Train your cat

When you think of cats, obedience isn’t usually one of the automatic words which spring to mind.  It's not most cats' strong point - they tend to be very independent and appear to be laid back.  They set the agenda for the day and the moment and we, the human race, undertake tasks such as getting their dinner ready on demand. 


So it may surprise you to know that more and more cat owners are deriving considerable enjoyment and satisfaction from training their feline friends to undertake a variety of tasks, such as the sit, stay, jumping through hoops, and twirling.

We know from experience that Trouble is very affectionate and loving; he always knows when we’re feeling down and he comes with a rub against our knees, a gentle loving purr and quiet meow.   But cats are deemed outside of the training zone you’d assume a dog to have, so few owners are aware that their cat has amazing capabilities.  They don’t think to train their beloved cat.

Did you know...
that it's better to play with your cat for a few short bursts, rather than one long one? Why? Because this is what cats do - play in short, sharp stints.
How can I find info on training my human?
Training your feline friend can have many benefits:
  •  It enhances the relationship and rapport between you
  • It curbs dominant behaviour
  • Your cat’s mind is stimulated and kept active – lose it or use it!
  • It gives him – and you – the chance to play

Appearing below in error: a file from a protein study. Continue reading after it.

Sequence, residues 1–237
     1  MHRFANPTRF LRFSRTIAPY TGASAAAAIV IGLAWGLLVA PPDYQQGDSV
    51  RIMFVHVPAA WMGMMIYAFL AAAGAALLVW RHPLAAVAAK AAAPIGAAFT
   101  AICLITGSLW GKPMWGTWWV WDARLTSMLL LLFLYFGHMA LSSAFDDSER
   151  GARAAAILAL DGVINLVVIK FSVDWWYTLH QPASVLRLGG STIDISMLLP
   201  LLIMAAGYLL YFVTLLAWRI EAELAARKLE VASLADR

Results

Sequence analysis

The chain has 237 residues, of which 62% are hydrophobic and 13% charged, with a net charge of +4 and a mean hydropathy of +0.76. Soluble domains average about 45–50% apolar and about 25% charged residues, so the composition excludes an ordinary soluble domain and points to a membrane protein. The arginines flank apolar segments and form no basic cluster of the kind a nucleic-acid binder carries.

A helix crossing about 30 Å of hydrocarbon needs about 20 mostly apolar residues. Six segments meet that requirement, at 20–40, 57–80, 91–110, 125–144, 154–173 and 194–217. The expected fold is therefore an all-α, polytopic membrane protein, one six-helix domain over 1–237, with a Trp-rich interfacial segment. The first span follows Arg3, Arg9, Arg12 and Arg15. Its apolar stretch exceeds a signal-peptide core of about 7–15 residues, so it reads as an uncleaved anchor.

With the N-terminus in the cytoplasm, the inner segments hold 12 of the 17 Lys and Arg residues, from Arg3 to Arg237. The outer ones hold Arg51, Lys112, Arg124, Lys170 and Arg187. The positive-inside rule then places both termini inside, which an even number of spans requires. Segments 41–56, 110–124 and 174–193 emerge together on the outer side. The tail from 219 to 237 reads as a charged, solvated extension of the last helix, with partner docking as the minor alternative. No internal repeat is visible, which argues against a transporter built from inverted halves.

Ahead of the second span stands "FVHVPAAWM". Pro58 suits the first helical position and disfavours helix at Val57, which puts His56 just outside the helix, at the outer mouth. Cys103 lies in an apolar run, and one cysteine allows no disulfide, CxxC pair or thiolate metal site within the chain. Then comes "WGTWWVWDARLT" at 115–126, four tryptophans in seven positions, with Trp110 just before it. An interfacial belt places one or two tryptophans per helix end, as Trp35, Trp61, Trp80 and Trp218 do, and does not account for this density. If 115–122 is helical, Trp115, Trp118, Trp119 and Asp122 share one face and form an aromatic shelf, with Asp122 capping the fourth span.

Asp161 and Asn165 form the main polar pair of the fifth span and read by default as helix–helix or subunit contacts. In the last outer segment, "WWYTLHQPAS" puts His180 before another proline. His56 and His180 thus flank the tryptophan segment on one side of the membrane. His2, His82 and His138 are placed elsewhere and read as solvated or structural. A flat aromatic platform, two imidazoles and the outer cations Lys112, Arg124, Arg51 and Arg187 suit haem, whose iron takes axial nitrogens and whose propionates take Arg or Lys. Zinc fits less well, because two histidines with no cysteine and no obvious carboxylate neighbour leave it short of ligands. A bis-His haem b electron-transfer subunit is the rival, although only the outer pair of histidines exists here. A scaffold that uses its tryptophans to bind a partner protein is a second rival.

• Stressed out cats may be soothed by the routine of training
There are two main methods to train your cat
Target training
Attract your cat’s attention and obtain the wanted behaviour by using a tool.   For instance, if you want to teach your cat to beg, you can use a training wand as a tool to attract your cat’s attention upwards, to rise on his haunches and beg.


Clicker training
This teaches the cat to form a conscious association between a particular behaviour and a result.  A clicker creates a short, distinct noise at the exact moment the cat performs a certain action – such as at the moment the cat’s bottom touches the ground, if you’re teaching him to sit.  And after the click, you feed your puss a lovely treat, so that the cat gradually associates the “click” noise with food.  He knows that he will earn treats by performing a wanted action on command.
Starter tips for training your cat:
  • Be patient; he’s an individual and, just like us at school, he’ll struggle with some tasks and pick others up quickly, so give him time.
  • If you cat normally can eat when he likes, as you leave food out all the time for him, stop doing this; it will increase the reward-value of treats as training devices and put some routine into his life
  • If you decide to train using food treats, do it just before mealtimes, when your cat’s focus will be greater and he’ll want to get that treat!
  • Go slowly – build on the basics before going further.
  • Keep lessons short and interesting and end on a high.

You could start by training your cat to sit

1. Smear the tip of your training wand in a little tuna oil and attract your cat’s attention with it – wave it about past his face

2. Put the want just behind the crown of his head when he’s in front of you. He’ll have to tilt his head back to watch it and so he’ll naturally have to sit down.

3. As he sits, say “Sit” and as his bottom touches the ground, click your clicker. Immediately after that, give him a tiny treat he can eat quickly. If it’s a large treat, he’ll have forgotten what it was for by the time he’s swallowed it.

4. Do this a few more times and keep repeating until he’s got the hang of it. Gradually reduce your use of the treats.